In a murky, sometimes confusing tale about a future dystopia in which people are waiting — and waiting — for a rescue ship called the Ark, there are several good one-liners, but they are outnumbered by the puzzling riddles and symbolism that permeate the story. The flotsam and jetsam of humanity are huddled together in an underground labyrinth after civilization as we know it has been obliterated by the Bomb. The survivors are protected by a dome which a repairman notes is bound to crack before the Ark arrives because it was constructed under a one-year plan. The hero of the film searches for the origins of the myth about the Ark and along the way falls in love with a prostitute. It seems the world’s oldest profession has also survived the nuclear holocaust. Continue reading
Three strangers arrive at a chateau inhabited by four women believed to be vampires. But are they vampires or are they under the hypnotic machinations of an old man? Rollin shot the first part of this film as a short subject to be billed with an American vampire film bought by a distributor that just over an hour (it too was designed for double billing). His producers were impressed with what he accomplished with next to nothing and asked him to expand the film to feature length. Thus, the first half hour (part one) is an intriguing short that makes the most of its found locations, make-shift production design, and available lighting (and a very early example of a turntable effect around two arguing actors to heighten the intensity of the scene). The second half (which necessitates resurrecting several of the characters that were killed at the end of the first and introduces the Queen of the Vampires played by Jacqueline Seiger (who was an instructor at Felix Guattari’s anti-psychology clinic at the time). Lacking the structure of the first part, the near-plotless remaining hour allows Rollin to cram in an entire serial’s worth of car chases, mad doctors, vampires, fist fights, and gun fire as well as several more arresting – and iconic in the Rollin oeuvre – images to bring the short to feature length. Part 2 features also Olivier Martin (the protagonist of Rollin’s LE VAMPIRE NUE – forthcoming from Redemption USA) and, despite his large role in the part, an uncredited Jean-Loup Philippe (co-writer and star of Rollin’s LEVRES DE SANG). Continue reading
A joyfully outrageous slice of life in the slums set to a punky soundtrack, Mondomanila is a slap in the face of Western expectations of politely miserabilist depictions of the downtrodden. A hyper kinetic, super stylised wild carnival of the destitute, it follows a midget, a one-armed rapper, a ‘day-glo fairy’, a disabled pimp and their friends as they try to get as much sex and drugs as they can (‘the only solution to their problems’, we are told by main character Tony at the beginning) and tackle a racist white paedophile. A toothless showman opens this exuberant bad taste spectacle, promising something horrible and creepy, but the Mondo-style shockumentary aspect is underpinned by the crude reality of life in Manila, making the film vital and energising.
Sgt. Jinji is very interested in Yaeli, Mr. Hasson’s youngest daughter. After getting into a dispute with a fuming Mr. Hasson who falsely believed Jinji wanted to marry his eldest daughter, Jinji is kicked out of Mr. Hasson’s house. Having witnessed the scene, and unbeknownst to Mr. Hasson nor Jinji, Yaeli escapes too and hides in the back of Jinji’s jeep, intent to join him despite her father’s wishes.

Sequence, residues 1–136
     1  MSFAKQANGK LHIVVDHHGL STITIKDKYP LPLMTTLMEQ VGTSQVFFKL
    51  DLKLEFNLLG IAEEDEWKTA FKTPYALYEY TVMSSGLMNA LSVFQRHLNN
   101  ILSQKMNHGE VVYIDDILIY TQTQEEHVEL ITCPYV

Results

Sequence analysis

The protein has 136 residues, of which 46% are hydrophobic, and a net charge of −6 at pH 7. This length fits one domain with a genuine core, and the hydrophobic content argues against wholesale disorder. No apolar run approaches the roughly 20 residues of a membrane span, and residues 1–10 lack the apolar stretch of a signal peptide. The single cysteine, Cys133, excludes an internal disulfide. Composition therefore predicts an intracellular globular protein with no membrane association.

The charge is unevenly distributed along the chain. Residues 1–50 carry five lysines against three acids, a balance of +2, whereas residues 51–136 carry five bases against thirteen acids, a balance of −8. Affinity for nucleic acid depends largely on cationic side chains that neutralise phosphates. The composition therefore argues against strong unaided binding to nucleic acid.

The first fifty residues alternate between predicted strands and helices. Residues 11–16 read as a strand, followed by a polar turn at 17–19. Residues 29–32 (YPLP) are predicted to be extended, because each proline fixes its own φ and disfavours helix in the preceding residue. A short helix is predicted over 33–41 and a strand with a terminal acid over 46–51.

On the way to his army base, Jinji picks up Konstanza, a shady businessman, who has been evading reporting to reserve duty for a while. Konstanza also happens to owe money to Mr. Hasson (due to a very dubious business deal gone awry), and Mr. Hasson decides to look for Konstanza to get his money back. All our characters end up in the middle of the desert at a small, somewhat improvised military base.
Mr.Freedom is a militaristic moron of a superhero. In his secret identity he is a United States sheriff, but when he enters his hidden closet hidden in his office behind a large American flag, he transforms into the patriotic superhuman. He takes orders from Doctor Freedom, the controller of Freedom Inc, who orders him to go to France and stop it from falling prey to the evils of Communism after the death of Freedom’s counterpart, Capitaine Formidable. Getting a less than rapturous welcome from the French, Mr.Freedom decides to save them all anyway…by destroying the entire country and everyone in it if he has to. Continue reading
Some university students change their views on sex after hearing a lecture on the blind Syrian philosopher Al-Maarri. He gets his way with one of them after sneaking what I imagine is rufees into one of their drinks which has disastrous consequences. After going to some wild bellydancing parties they are ensnared by a polyester-clad drug-dealer and womanizer/rapist. The victims’ friends plan to avenge her with the help of the local police. Includes numerous musical numbers and belly dancing scenes.
How to describe Nobuhiko Obayashi’s indescribable 1977 movie House (Hausu)? As a psychedelic ghost tale? A stream-of-consciousness bedtime story? An episode of Scooby-Doo as directed by Mario Bava? Any of the above will do for this hallucinatory head trip about a schoolgirl who travels with six classmates to her ailing aunt’s creaky country home and comes face-to-face with evil spirits, a demonic house cat, a bloodthirsty piano, and other ghoulish visions, all realized by Obayashi via mattes, animation, and collage effects. Equally absurd and nightmarish, House might have been beamed to Earth from some other planet. Never before available on home video in the United States, it’s one of the most exciting cult discoveries in years. Continue reading